WASHINGTON -- This year's federal budget deficit is likely to be larger than expected, analysts said Friday after the government reported that the April budget surplus was smaller than previous ones.

Economists now expect the budget deficit for fiscal 1993, which ends Sept. 30, to be very close to last year's record deficit of $290 billion. The revised estimate is $10 billion to $15 billion more than previously forecast.

The government ran an $8.1 billion surplus last month, down 44.5% from the April 1992 surplus of $14.6 billion, the Treasury Department reported. The government typically runs a budget surplus in April because final tax payments are made then for the previous calendar year.

"The smaller April deficit has caused us to revise up our deficit forecast to last year's level of $290 billion," said Louis Crandall, chief economist of R.H. Wrightson & Associates Inc. "But we're still on track to fall well below the administration's estimate of a $322 billion deficit."

Previously, Crandall expected the yearend 1993 deficit to fall in the $250 billion to $275 billion range.

"Most people were forced to revise up their yearend estimates," said Susan Hering, an economist of Salomon Brothers Inc.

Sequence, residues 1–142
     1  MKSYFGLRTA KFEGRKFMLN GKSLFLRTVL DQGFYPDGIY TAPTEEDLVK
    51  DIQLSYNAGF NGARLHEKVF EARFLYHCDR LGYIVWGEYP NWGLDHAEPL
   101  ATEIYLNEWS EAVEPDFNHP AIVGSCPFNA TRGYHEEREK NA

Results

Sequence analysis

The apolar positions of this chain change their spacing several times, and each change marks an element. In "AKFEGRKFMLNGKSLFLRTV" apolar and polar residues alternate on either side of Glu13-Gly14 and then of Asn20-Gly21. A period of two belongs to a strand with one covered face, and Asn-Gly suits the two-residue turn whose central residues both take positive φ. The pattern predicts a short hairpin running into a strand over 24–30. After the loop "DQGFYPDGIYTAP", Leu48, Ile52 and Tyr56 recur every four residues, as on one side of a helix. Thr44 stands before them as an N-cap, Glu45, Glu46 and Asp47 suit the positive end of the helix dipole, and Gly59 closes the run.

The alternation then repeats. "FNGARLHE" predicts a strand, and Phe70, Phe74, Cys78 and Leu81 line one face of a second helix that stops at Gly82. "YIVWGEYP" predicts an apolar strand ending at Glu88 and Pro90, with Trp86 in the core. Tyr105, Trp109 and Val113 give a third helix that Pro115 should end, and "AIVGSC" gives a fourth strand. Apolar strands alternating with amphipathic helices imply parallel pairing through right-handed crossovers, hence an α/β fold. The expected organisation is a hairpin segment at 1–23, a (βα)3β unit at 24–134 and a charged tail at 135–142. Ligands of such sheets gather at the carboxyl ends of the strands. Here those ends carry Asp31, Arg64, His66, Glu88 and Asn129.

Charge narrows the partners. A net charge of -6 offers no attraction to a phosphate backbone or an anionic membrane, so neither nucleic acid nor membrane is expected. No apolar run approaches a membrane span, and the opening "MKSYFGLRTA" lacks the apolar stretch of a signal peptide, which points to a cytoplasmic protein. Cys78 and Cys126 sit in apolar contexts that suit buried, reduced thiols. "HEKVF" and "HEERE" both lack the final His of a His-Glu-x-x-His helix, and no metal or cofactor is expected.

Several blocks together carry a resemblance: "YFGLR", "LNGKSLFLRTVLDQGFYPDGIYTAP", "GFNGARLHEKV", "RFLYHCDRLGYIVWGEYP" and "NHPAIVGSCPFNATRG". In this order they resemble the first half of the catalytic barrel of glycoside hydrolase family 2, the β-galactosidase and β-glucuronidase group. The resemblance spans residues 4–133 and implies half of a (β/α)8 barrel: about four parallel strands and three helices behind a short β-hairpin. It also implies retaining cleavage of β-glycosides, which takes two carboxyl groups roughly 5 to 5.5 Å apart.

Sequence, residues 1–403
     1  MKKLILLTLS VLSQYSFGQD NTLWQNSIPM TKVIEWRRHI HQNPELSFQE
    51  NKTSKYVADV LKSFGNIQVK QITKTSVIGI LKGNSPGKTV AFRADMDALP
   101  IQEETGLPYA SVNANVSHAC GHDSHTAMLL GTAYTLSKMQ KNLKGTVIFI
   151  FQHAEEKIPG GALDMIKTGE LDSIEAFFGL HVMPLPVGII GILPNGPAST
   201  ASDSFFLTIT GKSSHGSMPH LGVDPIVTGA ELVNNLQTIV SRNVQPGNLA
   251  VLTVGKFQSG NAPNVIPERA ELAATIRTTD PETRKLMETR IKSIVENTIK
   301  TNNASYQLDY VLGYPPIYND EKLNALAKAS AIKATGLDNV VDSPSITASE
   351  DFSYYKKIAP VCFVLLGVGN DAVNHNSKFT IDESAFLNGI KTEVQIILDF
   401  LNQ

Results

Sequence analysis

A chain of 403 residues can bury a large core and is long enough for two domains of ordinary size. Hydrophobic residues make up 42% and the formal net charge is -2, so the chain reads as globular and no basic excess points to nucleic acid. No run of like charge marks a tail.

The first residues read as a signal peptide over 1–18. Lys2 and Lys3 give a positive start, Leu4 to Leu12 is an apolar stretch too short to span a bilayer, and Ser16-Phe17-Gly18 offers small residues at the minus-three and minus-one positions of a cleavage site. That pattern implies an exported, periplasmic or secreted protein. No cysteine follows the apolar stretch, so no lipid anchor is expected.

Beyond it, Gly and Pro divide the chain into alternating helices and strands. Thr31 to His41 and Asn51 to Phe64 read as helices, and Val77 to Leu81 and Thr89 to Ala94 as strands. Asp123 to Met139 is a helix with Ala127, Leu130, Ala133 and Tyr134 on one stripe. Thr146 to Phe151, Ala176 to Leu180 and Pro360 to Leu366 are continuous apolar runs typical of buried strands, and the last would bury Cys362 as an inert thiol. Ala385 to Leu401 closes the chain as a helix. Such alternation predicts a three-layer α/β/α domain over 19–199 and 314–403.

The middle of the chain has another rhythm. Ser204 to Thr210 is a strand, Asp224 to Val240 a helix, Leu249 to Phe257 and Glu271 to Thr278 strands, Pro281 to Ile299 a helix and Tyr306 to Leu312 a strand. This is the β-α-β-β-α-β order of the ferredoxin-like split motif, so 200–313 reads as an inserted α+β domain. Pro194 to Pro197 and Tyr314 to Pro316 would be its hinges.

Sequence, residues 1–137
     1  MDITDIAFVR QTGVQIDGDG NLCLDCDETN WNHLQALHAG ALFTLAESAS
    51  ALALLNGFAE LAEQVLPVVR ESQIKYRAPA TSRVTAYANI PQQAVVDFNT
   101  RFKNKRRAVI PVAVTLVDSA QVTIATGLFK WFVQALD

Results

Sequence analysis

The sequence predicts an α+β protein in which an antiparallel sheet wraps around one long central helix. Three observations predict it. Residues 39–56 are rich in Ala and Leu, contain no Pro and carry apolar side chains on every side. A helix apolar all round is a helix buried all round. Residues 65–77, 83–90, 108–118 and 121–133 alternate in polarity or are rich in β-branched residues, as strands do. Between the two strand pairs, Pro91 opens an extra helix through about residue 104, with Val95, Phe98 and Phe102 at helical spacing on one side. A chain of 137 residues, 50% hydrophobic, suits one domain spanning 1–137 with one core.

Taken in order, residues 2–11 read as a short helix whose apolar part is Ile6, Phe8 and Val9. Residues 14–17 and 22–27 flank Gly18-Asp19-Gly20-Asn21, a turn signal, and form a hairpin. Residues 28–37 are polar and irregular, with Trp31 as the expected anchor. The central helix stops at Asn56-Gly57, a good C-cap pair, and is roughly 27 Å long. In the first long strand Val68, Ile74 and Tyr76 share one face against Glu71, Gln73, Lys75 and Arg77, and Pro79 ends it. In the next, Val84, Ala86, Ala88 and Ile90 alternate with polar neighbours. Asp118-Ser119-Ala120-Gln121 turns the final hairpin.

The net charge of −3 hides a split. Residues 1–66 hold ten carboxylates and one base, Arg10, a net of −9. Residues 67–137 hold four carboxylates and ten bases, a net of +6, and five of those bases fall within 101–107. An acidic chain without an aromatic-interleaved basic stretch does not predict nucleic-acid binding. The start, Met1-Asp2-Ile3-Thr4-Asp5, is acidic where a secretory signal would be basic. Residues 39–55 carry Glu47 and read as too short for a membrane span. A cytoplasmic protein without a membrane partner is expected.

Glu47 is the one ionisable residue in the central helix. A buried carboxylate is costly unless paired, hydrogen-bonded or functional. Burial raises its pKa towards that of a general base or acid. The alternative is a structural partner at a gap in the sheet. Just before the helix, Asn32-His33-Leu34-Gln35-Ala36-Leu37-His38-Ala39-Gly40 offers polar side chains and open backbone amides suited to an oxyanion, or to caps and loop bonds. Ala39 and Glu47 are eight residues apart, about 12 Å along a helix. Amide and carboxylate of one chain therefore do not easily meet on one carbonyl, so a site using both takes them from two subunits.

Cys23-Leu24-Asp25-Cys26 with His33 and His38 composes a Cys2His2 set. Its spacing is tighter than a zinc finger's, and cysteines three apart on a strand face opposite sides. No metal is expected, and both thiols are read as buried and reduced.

Anticipation of a disappointing April surplus prompted Hering to revise up her 1993 deficit forecast to around $290 billion from a previous estimate of $280 billion.

But she said there is still time in fiscal 1993 for the budget picture to improve slightly.

April's smaller surplus resulted in part from lower personal income tax receipts. Individual receipts totaled $56.1 billion in April, down 17.5% from $68 billion in the previous April, the department reported.

Several special factors affected the April surplus, analysts said.

Most notably, the government changed the tax laws to force high-income earners to pay more of their taxes before the end of the year, economists said.

"The main cause of the April disappointment was the fact that the Treasury had gotten its hands on a big chunk of the taxes before April arrived," Crandall said.

Analysts said that as the year progressed, they thought the higher tax receipts resulted primarily from a stronger economy and not from people paying their taxes earlier. "It turns out that January was April this year," Hering said.

Other factors were expected to increase the surplus in April, analysts said. Last spring, President Bush reduced income tax withholdings so consumers would have more disposable income. This implied that the government would have to pay out smaller refunds in April.

However, economists said that many people may have opted to have extra money withheld from their pay so they would end up with the same size refund.

"This latter observation would fit with the view that many taxpayers use tax refunds as forced savings," Kathleen Stephansen, an economist with Donaldson, Lufkin & Jenrette Securities Corp., said in her firm's market commentary. Government outlays in April totaled $124 billion, which is up only slightly from $123.7 billion in the previous April, the department reported.

Government receipts totaled $132.1 billion in April, down from $138.4 billion a year ago, the department said.

Hering said that government spending in April was somewhat lower than she expected, but not by enough for her to change her yearend deficit forecast.

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